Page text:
Monday, October 20, 2014

Indian Summer on Tap for the Weekend

Public weather briefing

Clear and chilly conditions are in store for tonight, with lows dipping into the lower 30's; make sure to bundle up when watching in the Orionid Meteor Shower. A chance of rain moves in for Thursday, as a warm front will approach the area from the west. Warm weather is on tap for the latter half of the week as high temperatures will approach and surpass the 70 degree mark. A cold front will push in by the start on next week, relaxing temperatures to near average.


Tonight. Clear and cool, patchy frost possible.  Low in the lower 30's.

Wednesday. Sunny and warmer. Light winds. High 60. Low around 38.

Wednesday night. Increasing clouds and light winds, Low around 40.

Thursday. Increasing Clouds, slight chance of rain. Highs in the mid 50's.

Friday. Mostly sunny, Highs around 64.

Outlook for Saturday through Monday. After a partly cloudy start on Saturday, temperatures should rebound well with highs to around 70. Much of the same for the tail end of the weekend with temperatures in the low 70's and ample sunshine on Sunday.  [CONFIDENCE: HIGH]

Forecast Discussion

A broad region of warm air advection clips the area Wednesday, but since it is not localized, vertical motion and precipitation will not be associated with this feature.  On Thursday a chance of precipitation associated with an area of positive vorticity advection exists at 500hPa. The NAM pinpoints the largest maximum in advection in southern Wisconsin, giving Madison a chance a showers. The GFS puts down roughly a tenth of an inch of rain during this time period; a region in Iowa will see between a half inch and an inch.  The GFS model brings 850hPa temperatures to around 14 or 15 during the weekend. With an addition of around 10 (according the recent days) degrees Celsius for parcels brought down adiabatically, highs could reach the mid 70s by the weekend.

The alternating periods of cold and warm air advections through the weekend could lead to discrepancies in when 850hPa temperatures will be a their peak, during the day or during the night. The timing of a strong cold front on Monday will certainly play a role in the tail end of the weekend and forecast period.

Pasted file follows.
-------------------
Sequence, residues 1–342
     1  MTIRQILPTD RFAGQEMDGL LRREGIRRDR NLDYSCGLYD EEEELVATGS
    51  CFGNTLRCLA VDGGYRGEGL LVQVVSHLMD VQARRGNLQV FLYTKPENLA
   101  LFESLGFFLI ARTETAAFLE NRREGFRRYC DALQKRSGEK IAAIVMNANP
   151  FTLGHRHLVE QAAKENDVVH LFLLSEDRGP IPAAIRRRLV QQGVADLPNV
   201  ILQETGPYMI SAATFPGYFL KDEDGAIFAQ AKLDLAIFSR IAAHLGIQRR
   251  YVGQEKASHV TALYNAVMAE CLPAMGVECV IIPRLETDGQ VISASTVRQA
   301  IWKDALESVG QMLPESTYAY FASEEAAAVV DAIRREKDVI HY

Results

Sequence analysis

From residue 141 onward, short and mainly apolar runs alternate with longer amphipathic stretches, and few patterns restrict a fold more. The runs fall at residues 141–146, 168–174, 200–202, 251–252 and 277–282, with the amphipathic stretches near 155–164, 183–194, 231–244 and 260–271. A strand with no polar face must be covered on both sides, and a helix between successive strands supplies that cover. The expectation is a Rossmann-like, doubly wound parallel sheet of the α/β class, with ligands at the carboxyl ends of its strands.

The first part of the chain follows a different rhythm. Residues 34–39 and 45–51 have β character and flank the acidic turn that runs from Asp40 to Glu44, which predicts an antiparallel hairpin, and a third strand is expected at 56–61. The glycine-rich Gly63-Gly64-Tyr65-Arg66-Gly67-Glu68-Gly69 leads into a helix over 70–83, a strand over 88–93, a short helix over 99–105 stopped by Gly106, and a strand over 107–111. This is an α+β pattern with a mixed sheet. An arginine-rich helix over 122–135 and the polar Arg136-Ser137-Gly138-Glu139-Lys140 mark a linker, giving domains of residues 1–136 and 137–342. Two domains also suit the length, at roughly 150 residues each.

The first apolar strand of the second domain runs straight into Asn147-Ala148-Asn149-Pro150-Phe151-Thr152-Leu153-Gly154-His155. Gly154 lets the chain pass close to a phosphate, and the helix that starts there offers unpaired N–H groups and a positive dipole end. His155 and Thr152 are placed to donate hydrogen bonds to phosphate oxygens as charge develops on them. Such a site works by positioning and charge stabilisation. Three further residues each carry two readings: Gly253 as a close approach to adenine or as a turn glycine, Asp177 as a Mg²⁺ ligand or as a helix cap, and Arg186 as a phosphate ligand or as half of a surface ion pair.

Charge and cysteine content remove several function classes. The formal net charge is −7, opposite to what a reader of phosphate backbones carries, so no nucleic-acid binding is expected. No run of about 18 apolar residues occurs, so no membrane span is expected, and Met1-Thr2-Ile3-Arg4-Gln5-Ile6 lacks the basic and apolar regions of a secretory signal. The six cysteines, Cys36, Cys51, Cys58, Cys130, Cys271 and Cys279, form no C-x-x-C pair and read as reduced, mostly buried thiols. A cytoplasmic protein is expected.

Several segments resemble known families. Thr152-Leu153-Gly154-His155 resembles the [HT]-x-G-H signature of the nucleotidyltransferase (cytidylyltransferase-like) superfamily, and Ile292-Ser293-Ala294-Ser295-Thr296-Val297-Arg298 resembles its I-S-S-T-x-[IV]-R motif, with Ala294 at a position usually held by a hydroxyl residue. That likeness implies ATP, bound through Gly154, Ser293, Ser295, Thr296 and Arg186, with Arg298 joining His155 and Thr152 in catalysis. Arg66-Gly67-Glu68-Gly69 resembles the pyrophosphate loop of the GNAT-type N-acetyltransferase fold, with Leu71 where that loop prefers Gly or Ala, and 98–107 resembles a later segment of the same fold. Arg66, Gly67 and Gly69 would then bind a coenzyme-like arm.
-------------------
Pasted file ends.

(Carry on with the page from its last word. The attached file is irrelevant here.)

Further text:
1. Our biggest issue with our forecast was the persistent clouds that hung around on Tuesday 21 October 2014. We had optimistic high temperatures that did not pan out because the clouds prevented diabatic warming. Our low temperature forecasts were more accurate; we called for cool conditions, and potentially frost, which panned out. We did not, however, consider the formation of fog, which was a feature that appeared multiple times last week. Our long-range forecast from the weekend was nearly accurate, clear conditions and warmer than normal temperatures occurred as expected. Highs did not surpass the 70 degree mark, but they approached it. Cold air advection behind a front pushed in for Sunday, and cooled us down, which was one of our concerns in the forecast. During our next forecast, we will consider all types of weather (including fog) and lower our confidence if there might be a chance for clouds (or other unknowns) to affect our temperature forecasts.

  2. Tanner and Joe - Overall, I think you guys did a particularly nice job for this first round of blog posts. You were well suited in your public weather briefing to describe some of the major features that were moving through during the forecast period. Make sure to include whether or not the cold frontal passage is accompanied by precipitation, however! As for your forecast discussion, I also enjoyed how you integrated some of the dynamical mechanisms responsible for both precipitation (and the lack of it) during the period. My only advice would be to work on composing a more effective narrative that accompanies your diagnostics. For example, the prose that accompanies your description could be cleaned up a little bit so that it reads a little easier. This will come with practice, though, and is something that will undoubtedly get better. Also, in your reflection, I am glad to see you discuss some of the forecast busts and successes, but it would be great if you could integrate a little bit more of the dynamical details into the discussion (i.e. what allowed for the frost formation). Nevertheless, a real solid first effort here.


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